That is living out the image of God, in which each one of us, different as we are, was lovingly made. Each one of us is created with the image of God indelibly imprinted on our  souls, so that, in some miraculous and inexplicable way, the diverse expressions of God that are you and you and you and me all come together to illustrate the mystery, to live together in community as we do our best to display for the world all the possibilities that the divine imprint on all of us could mean.

If we started to live into the mystery of the trinity, then it might just be possible for us to look at each other and see, not all the differences about how we look or speak or see the world, but rather an intricate relationship, a curious community, created in the image of God and living out the possibility for unity, even in our diversity.  Can you imagine? 

Some have their doubts that this could ever really happen.  Some are still doubting – but they have always done so.

And some doubted.

Today, on this Trinity Sunday, we are invited to prove them wrong, to live boldly into the dream of the Trinity, the dream of everything we can be together.  After all, we are, each one of us, created in the very image of God.


Fr Simon


Our church family celebrated with Eric Dawson as he reached his 100th birthday this week. With a special cake following the service last Sunday and another cake at a special gathering on Monday (Eric’s actual birthday) we marked this very special birthday of a very special man who we all hold dearly in our hearts. The Lord Lieutenant of Sutherland came along to our gathering on Monday to present Eric with his card from the King and Queen Consort and the gathering sang to Eric and shared tea and cakes. Happy Birthday Eric!

New Convener for Church in Society Committee


The Reverend Simon Scott has taken up the role of Convener of the Church in Society Committee. Fr Simon is Priest-in-Charge at St Finnbarr’s SEC, Dornoch in the United Diocese of Moray, Ross and Caithness. He is a self-supporting minister who has a career in primary education. Having been a primary head teacher for almost twenty years, Fr Simon now works as a senior education officer for Highland Council.

On taking up the position of Convener, Fr Simon said: As a priest who is employed in a ‘secular position’’ I have a particular passion for the role that the church has in walking alongside others to shape and guide the structures in our society in a way that promotes peace, equity and justice for all.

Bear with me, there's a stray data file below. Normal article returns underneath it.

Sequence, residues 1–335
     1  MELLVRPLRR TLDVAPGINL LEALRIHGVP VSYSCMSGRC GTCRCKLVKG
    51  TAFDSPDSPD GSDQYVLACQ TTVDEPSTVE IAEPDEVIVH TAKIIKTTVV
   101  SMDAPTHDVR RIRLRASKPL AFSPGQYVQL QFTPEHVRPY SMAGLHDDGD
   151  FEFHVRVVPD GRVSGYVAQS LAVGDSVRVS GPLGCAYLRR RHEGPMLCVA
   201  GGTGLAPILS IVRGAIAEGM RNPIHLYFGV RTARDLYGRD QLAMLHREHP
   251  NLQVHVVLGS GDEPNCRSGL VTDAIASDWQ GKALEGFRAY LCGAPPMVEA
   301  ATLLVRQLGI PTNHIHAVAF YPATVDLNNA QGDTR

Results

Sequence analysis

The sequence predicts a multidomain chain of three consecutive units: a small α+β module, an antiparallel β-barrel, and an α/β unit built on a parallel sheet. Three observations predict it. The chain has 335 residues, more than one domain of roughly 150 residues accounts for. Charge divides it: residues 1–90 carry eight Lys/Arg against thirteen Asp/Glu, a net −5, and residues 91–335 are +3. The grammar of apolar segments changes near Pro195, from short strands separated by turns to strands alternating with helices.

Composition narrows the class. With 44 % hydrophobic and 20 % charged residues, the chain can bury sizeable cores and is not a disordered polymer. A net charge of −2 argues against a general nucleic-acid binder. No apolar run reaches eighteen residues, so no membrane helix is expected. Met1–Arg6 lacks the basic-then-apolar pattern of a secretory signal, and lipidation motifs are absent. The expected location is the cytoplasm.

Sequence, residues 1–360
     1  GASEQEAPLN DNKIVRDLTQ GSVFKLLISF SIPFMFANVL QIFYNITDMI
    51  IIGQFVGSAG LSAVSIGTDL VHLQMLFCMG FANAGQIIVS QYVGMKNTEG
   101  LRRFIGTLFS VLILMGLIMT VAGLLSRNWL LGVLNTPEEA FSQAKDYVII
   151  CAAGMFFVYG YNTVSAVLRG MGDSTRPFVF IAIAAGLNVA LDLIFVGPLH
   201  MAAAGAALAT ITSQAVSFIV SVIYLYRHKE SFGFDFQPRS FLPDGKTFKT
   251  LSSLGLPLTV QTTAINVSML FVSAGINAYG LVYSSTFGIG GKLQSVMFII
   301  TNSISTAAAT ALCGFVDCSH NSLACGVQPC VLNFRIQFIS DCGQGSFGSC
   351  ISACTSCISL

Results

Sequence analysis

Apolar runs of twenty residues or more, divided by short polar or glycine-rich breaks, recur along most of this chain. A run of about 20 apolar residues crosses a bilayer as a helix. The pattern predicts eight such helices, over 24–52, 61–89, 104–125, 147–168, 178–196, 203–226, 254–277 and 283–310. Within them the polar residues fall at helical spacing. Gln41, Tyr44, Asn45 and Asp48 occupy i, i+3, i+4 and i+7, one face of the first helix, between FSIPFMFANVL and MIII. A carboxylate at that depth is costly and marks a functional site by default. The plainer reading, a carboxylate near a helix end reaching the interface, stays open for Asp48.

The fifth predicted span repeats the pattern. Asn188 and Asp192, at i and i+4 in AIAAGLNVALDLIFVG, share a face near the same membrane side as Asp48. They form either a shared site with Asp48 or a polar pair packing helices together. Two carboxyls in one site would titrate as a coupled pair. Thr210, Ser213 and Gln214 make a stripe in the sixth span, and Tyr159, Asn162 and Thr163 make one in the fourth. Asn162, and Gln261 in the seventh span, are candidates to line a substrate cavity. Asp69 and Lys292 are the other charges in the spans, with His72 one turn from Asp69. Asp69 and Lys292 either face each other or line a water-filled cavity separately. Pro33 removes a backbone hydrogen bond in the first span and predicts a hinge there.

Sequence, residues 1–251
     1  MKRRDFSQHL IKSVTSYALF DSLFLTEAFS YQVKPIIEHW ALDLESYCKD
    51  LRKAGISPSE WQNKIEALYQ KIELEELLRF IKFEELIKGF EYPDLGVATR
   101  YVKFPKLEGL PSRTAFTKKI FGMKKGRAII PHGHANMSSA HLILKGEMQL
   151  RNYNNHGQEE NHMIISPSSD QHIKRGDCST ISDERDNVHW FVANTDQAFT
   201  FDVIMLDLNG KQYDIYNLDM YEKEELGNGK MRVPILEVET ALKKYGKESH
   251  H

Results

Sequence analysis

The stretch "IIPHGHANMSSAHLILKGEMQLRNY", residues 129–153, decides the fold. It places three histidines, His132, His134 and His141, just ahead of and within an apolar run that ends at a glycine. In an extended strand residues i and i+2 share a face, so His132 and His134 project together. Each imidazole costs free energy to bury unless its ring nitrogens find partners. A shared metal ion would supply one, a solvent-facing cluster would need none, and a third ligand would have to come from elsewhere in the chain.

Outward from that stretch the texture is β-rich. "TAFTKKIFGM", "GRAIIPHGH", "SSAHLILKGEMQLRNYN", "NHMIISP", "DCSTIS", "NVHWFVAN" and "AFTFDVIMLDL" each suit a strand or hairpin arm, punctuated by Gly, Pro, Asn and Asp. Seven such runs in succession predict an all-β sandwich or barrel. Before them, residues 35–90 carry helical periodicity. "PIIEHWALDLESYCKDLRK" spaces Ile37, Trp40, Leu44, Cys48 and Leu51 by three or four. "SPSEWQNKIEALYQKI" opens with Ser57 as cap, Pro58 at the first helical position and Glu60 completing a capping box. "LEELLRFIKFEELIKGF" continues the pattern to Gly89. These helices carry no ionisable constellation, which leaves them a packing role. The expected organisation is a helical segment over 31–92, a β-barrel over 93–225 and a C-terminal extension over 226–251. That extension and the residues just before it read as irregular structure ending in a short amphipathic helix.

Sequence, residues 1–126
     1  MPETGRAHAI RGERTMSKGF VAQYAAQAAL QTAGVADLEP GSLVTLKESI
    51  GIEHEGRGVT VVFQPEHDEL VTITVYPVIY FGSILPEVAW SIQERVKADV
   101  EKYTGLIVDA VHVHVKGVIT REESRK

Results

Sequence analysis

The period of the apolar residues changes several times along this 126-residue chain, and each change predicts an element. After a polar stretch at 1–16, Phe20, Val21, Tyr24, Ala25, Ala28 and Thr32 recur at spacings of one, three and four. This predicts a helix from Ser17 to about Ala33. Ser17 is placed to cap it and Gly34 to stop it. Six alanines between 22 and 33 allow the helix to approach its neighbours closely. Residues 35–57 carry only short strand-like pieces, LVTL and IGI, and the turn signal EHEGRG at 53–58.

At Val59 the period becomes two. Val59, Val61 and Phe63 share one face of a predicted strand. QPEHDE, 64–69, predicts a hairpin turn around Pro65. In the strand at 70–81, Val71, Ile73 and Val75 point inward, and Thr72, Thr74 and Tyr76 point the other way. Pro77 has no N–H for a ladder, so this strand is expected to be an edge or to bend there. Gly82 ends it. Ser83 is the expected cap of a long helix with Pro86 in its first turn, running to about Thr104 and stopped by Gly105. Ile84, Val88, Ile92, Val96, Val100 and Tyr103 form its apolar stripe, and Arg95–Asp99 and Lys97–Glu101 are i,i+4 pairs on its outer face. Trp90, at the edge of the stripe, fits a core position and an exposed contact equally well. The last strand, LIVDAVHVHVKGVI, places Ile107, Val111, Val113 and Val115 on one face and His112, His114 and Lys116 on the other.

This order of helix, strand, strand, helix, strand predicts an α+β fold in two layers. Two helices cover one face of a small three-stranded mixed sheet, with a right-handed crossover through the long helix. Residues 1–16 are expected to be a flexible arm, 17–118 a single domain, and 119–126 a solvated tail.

“I believe ‘the church’ can be a key player in helping to make sure these principles are considered and upheld by those who make the important decisions that affect the lives of everyone in our country, and in particular those decisions which affect the lives of the poor, the vulnerable and the marginalised.”

Fr Simon has a background in expressive arts and enjoys singing with choirs and taking part in other musical activities.

He is also a regular contributor to the Northern Times newspaper, via the title’s ‘Food For Thought’ column.

Christmas Generosity

A huge thank you to all who came along to support The Children’s Society at our Christingle Service at St Finnbarr’s last Sunday. The sight of everyone’s faces aglow in the candlelight was extremely special. Our four part guest choir sang unaccompanied so beautifully, as did our trio of boys who sang Away in a Manger for us.

The special collection for The Children’s Society totaled £301.86. Thanks to all our readers, congregants, our organist and those who gave but could not make it to the service. Our contribution will I am sure make a difference!

In related news – we received the following in an email from Tain Food Bank – again, thanks to all you generous, lovely people.

Just a short email to say ‘thankyou’ to you and all at St Finnbarrs for the very generous donation of food and money for the food bank today. 

The weight of the food came to 27.2kg and the £100 will be used to either buy food that we get short of or to help people out who find themselves in fuel poverty.

I cannot tell you in simple words the difference this donation will make to many lives this Christmas time and into the New Year.